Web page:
For many economists, global wealth inequality is reaching a point of desperation. The gap between the haves and the have-nots is growing by the minute, and there appears to be no help on the way.
But some bright minds in the tech industry have a new solution. Fintech.
Yes, you read that correctly. The potential for the fintech industry and its digital wallets, investment apps, and instant mobile credit to bridge the income inequality gap is high.
And it’s not tech companies making this assertion. Governments and NGOs across the globe are predicting a bright future for fintech in reducing global financial inequality.
Read on to learn why fintech has become a leading solution for combating wealth inequality.
The Hope of the Fintech Industry
The primary basis for the optimism in the fintech industry to reduce inequality is its ability to increase access.
The popularity of mobile phones is exploding worldwide, including developing countries. This means millions upon millions of new individuals are gaining access to local and global financial systems every year.
Whether a woman is looking to start a business and enter the local economy for the first time, or whether a low-income farmer is looking to insure his harvest, there is now an app to help nearly anyone.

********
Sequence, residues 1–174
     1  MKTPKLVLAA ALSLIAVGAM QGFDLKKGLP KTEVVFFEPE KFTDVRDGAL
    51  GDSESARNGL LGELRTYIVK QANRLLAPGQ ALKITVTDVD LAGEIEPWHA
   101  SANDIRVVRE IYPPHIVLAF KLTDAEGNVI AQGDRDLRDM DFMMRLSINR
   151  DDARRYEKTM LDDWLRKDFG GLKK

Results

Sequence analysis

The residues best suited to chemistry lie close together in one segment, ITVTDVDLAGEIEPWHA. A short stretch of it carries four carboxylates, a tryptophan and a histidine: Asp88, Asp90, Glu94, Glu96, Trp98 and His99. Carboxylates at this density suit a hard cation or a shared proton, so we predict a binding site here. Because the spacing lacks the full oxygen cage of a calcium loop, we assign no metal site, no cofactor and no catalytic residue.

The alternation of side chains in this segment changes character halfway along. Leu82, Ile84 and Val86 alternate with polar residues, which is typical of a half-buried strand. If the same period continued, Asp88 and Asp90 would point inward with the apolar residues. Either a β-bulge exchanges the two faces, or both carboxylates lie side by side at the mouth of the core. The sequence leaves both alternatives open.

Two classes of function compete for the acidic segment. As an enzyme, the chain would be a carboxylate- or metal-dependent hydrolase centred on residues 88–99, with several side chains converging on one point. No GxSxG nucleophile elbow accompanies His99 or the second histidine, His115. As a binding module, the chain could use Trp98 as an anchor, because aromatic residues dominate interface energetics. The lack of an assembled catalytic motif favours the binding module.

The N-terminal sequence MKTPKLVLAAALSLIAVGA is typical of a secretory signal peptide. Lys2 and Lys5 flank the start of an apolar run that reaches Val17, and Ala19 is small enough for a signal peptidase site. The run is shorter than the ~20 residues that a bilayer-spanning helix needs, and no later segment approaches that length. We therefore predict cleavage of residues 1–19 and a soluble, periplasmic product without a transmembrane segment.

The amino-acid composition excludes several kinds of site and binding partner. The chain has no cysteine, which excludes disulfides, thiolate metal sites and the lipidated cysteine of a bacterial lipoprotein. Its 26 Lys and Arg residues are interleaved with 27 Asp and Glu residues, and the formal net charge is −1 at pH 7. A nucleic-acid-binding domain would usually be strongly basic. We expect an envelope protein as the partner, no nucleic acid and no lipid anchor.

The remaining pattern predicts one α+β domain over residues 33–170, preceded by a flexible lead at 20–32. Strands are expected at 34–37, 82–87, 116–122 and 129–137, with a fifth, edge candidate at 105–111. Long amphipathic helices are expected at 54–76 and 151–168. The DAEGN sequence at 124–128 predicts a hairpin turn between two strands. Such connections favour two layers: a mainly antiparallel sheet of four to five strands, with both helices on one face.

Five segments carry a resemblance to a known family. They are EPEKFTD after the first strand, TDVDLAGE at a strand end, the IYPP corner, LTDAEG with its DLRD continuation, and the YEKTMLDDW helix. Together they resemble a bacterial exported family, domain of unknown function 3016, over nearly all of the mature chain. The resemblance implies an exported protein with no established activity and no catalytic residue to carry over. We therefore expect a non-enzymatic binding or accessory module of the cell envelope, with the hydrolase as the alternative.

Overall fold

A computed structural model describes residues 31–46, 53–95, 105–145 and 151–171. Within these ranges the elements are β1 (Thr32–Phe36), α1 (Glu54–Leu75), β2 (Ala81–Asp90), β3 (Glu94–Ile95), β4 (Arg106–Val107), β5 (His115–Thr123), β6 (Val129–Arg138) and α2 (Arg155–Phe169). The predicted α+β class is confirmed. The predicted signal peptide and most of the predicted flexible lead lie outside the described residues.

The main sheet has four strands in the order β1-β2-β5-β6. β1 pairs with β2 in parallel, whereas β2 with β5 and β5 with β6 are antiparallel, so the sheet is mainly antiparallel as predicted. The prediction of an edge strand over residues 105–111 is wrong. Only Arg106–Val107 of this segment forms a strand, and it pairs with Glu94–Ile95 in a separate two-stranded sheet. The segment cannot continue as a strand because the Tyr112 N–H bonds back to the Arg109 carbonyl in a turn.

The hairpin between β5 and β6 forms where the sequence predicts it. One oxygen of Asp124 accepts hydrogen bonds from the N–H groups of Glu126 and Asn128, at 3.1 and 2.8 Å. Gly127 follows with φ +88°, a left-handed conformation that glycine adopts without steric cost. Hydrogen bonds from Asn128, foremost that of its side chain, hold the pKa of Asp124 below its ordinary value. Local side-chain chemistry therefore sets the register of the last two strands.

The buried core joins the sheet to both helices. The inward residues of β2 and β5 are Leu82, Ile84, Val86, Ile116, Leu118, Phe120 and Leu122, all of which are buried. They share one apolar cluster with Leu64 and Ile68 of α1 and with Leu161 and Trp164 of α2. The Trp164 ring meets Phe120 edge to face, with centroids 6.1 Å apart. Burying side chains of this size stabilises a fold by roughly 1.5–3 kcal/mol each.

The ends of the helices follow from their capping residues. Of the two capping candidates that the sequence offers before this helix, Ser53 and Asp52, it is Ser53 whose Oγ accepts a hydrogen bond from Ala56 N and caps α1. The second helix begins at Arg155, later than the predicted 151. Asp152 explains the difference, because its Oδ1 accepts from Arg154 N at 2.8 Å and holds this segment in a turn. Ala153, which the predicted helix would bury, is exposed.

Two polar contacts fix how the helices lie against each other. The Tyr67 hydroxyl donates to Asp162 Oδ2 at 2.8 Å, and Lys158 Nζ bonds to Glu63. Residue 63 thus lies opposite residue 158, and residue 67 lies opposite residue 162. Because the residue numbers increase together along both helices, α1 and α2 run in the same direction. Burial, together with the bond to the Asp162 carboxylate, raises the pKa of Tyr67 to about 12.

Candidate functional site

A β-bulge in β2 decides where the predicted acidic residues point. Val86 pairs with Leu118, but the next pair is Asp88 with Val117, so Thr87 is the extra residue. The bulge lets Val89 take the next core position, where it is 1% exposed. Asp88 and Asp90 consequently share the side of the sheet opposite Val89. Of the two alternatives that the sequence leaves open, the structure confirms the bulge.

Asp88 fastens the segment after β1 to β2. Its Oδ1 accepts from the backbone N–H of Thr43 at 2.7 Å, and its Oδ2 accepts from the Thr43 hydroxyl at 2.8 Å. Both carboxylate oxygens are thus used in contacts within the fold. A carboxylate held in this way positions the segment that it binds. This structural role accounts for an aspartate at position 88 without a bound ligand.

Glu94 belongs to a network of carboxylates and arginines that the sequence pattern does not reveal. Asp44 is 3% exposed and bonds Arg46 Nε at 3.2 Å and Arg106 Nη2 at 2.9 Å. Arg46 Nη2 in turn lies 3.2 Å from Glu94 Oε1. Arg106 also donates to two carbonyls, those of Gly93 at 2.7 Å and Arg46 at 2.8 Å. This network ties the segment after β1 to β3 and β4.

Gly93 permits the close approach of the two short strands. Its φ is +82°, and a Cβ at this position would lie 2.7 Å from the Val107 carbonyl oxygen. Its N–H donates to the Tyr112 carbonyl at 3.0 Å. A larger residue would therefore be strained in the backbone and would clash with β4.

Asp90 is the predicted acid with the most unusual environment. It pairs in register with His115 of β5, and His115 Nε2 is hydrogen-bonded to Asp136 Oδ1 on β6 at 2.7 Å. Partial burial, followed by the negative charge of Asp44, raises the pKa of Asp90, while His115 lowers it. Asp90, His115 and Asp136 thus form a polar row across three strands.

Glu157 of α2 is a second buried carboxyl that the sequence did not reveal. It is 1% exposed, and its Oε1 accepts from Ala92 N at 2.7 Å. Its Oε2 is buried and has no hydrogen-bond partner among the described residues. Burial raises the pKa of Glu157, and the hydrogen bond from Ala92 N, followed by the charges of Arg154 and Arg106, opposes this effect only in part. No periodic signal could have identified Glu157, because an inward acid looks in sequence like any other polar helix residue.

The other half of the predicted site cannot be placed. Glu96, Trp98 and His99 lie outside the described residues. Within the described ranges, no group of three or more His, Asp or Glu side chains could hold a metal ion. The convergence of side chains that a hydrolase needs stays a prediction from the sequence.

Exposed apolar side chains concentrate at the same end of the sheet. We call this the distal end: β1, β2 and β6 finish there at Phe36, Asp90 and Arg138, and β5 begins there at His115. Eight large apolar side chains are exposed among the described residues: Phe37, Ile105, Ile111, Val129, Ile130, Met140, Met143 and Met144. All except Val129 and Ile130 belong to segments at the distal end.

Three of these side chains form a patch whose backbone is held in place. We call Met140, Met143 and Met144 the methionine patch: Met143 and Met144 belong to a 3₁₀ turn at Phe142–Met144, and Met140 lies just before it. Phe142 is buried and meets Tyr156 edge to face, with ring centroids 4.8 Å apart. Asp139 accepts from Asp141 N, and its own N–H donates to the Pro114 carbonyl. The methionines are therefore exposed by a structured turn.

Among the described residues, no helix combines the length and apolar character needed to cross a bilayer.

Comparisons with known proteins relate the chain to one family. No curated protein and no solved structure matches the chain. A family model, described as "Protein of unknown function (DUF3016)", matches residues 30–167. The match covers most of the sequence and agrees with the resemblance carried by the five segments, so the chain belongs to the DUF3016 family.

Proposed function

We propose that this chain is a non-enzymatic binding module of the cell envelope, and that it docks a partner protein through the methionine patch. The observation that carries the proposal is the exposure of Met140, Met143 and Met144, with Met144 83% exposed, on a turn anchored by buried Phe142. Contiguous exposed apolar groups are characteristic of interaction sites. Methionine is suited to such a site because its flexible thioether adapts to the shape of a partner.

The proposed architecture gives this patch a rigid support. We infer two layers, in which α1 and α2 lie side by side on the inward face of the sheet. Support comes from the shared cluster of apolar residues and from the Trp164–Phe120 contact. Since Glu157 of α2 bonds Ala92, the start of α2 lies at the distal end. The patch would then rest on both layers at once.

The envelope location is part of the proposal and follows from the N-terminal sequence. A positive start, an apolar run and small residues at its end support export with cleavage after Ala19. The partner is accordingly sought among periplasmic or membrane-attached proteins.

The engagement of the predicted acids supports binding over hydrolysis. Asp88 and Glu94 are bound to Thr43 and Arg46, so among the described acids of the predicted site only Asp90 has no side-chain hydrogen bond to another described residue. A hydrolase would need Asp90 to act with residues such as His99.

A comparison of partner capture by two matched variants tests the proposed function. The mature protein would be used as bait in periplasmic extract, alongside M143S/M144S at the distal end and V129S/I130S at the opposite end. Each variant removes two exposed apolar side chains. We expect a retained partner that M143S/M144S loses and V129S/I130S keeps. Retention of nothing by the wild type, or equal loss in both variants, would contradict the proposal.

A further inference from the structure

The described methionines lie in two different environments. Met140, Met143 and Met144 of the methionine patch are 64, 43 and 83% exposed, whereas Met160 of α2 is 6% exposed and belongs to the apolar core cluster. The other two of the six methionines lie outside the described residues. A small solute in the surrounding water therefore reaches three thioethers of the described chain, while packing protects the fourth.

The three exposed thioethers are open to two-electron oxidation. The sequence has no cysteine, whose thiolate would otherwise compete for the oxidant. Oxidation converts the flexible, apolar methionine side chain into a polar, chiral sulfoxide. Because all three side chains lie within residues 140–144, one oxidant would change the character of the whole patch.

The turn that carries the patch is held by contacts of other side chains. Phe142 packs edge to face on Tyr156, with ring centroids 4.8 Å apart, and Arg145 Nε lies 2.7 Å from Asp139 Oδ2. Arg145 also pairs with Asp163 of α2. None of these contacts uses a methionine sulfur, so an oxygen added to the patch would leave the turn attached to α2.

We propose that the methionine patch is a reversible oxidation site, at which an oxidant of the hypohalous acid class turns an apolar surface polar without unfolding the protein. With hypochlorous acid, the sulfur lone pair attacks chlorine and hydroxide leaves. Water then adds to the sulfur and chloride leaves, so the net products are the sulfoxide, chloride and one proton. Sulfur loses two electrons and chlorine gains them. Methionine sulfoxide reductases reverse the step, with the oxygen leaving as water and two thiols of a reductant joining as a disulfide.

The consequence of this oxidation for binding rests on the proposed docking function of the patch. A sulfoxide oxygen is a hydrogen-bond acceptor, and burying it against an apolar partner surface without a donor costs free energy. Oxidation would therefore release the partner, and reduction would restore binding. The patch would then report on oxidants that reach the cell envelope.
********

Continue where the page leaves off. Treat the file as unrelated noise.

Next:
Simply put, the financial technology industry can provide better financial tools to the people who need them most.
There is clear evidence that the penetration of mobile devices (including fintech services) in developing nations is inversely correlated with inequality.
Information technologies, including fintech, can generate job opportunities for the lower class. They can also lead to transparency in government services, including tax collection. This limits corruption and exploitation of the wealth gap in most countries.
Asongu and Le Roux (2017) studied mobile and internet penetration in Sub-Saharan Africa in the early 2000s. They concluded there was a positive correlation between ICT tech growth and inclusive growth. This was measured using an inequality-adjusted human development index.
Despite the widely-held hopes for the fintech industry, it still remains to be proven these goals can be achieved in practice. Few studies exist as to the efficacy of these big claims. Thomas Piketty and other economists have cited the importance of amassing long-term evidence as support.
Can the presence of this technology really lift people out of poverty? Can it improve financial literacy on a global scale?
The answer isn’t yet here. Some critics believe easier access to credit could put struggling individuals deeper in debt. AI algorithms may be needed to ensure responsible lending that helps app users.
Fintech May Be The Perfect Solution
Fintech is poised to be a central figure in efforts to combat wealth inequality over the next decade. No other strategy can equip developing nations with the tools needed to succeed financially.
Longer-term studies must prove the efficacy and cost savings of strategies aimed to help the poor. But the potential benefits of a world growing together in fairness are too large to ignore. The fintech industry may become an important tool to this end.
Did you find this article interesting? Check out our other posts on the future of fintech and the global economy!